Marc’s ReMARCs: Another Media Barrier Falls. A Sh*tstorm of Sh*tholes.
By Marc Silverstein
The Washington Post broke the story, and with it, busted a language barrier too. Whether you see it as blunt talk or coarse language, the paper used a curse word that is normally off-limits. The obscenity: shithole. Early Thursday night, in an online headline shocking both in its claim and word choice, the Post reported that President Trump called Haiti and Africa “shithole countries.” The paper used the whole word. There was no censorship, no sh*thole, sh!thole, or s–thole. And with that, the media’s use of the word “shithole” hit the fan. It was explosive.
Mediaite reports CNN’s Jim Acosta said it on air first. In little time, the word was used so much, The Situation Room might as well have been renamed The Shituation Room. Over on NBC Nightly News, anchor Lester Holt warned viewers before correspondent Peter Alexander used the actual term in a taped report. Throughout the night, it was s-bombs away on MSNBC, the word spoken on air and appearing visually onscreen, in an omnipresent lower third graphic. While not using the word himself, MSNBC’s Brian Williams called it “… a first for all of us.” FOX, CBS, and ABC reportedly stuck with the censored version, at least initially.
“When the president says it, we’ll use it verbatim,” explained Post Executive Editor Marty Baron. “That’s our policy. We discussed it, quickly, but there was no debate.” Compare that to the time in 1972 when then Post executive editor Ben Bradlee cut the word “tit” from a quote by Watergate figure John Mitchell. (The then-Attorney General’s full quote was “Katie Graham’s gonna get her tit caught in a big fat wringer if that’s published.”). In the movie All the President’s Men, Bradlee’s character explains he made the edit because “We’re a family newspaper.” Those kind of standards apparently made a difference when families still gathered round to read newspapers.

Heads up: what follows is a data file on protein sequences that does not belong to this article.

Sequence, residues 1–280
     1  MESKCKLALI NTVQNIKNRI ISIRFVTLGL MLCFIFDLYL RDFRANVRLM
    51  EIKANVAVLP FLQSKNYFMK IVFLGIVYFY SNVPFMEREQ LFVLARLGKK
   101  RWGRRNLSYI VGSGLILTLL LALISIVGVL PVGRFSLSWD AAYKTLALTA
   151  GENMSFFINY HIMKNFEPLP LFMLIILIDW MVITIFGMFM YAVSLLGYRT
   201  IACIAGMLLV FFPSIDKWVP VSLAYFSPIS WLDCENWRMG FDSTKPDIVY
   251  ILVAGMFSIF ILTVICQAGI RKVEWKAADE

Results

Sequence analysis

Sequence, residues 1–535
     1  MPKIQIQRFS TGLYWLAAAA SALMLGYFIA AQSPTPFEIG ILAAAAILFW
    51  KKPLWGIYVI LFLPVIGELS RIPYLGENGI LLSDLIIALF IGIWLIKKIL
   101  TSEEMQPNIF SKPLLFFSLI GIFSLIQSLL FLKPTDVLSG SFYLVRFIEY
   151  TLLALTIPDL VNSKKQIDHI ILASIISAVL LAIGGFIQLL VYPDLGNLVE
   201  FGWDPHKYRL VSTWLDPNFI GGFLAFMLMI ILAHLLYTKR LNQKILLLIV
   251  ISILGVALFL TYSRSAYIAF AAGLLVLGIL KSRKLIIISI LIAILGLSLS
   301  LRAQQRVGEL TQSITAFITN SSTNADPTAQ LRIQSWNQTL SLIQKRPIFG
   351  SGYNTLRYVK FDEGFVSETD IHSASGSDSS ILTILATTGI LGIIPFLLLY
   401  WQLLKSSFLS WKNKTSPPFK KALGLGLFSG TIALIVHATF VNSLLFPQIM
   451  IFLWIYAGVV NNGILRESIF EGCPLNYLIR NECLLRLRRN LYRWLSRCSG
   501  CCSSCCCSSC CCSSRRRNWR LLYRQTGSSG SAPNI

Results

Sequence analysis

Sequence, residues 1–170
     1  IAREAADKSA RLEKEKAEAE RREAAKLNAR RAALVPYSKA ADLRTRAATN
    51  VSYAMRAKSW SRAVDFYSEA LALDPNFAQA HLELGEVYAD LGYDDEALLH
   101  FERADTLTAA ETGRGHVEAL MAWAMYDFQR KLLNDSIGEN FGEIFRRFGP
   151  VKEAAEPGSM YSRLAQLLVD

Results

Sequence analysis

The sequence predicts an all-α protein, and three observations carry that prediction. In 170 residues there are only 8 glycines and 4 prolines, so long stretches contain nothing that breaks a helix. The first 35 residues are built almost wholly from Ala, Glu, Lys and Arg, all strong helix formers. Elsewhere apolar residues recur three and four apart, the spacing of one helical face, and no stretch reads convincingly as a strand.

There have been plenty of one-offs. The New York Times first used the word “shit” in 1974 when quoting President Nixon’s secret Watergate recordings. In 2004, The Post used the F-word when reporting Vice President’s caustic response during an argument with Sen. Patrick Leahy. “Go fuck yourself,” read the quote from the man a heartbeat away from the Presidency.
But it’s a milestone of sorts when the use of these formerly verbatim words becomes commonplace. I remember working in a TV newsroom in Columbus, Ohio when several coworkers were suspended because they aired a soundbite with the phrase “pissed off.” That was 1990. Now, no one gets pissed at “pissed off.” Three short years later, Lorena Bobbitt dismembered her husband’s member, and the media went nuts using the word “penis.” By 1997, the topic swelled to near round-the-clock discussions about the “distinguishing characteristics” of President Bill Clinton’s penis, along with a strain on Monica Lewinsky’s blue dress and the sordid details of how it got there. “Oral sex” was the probably the least controversial term that was used.
Each of these episodes usually travels a similar course. First there’s shock, and overuse by the media, followed by hand-wringing and complaints from viewers. “What do we tell the kids?” is a common question. But just like the news stories themselves, attention eventually shifts, the uproar subsides, and the words or phrases become commonplace. Maybe we get inured to the coarseness, a reflection of an eroding of society’s standards. Or maybe it wasn’t such a big deal to start with. I mean, did you ever envision the day you’d be hearing the term “grab ‘em by the pussy” all over the news? Remember, the guy who said that is now President, and busy downplaying that he ever said anything about shithole countries. (see, it’s already not as shocking.)
What’s the next barrier to fall for the media? ‘F’ if I know.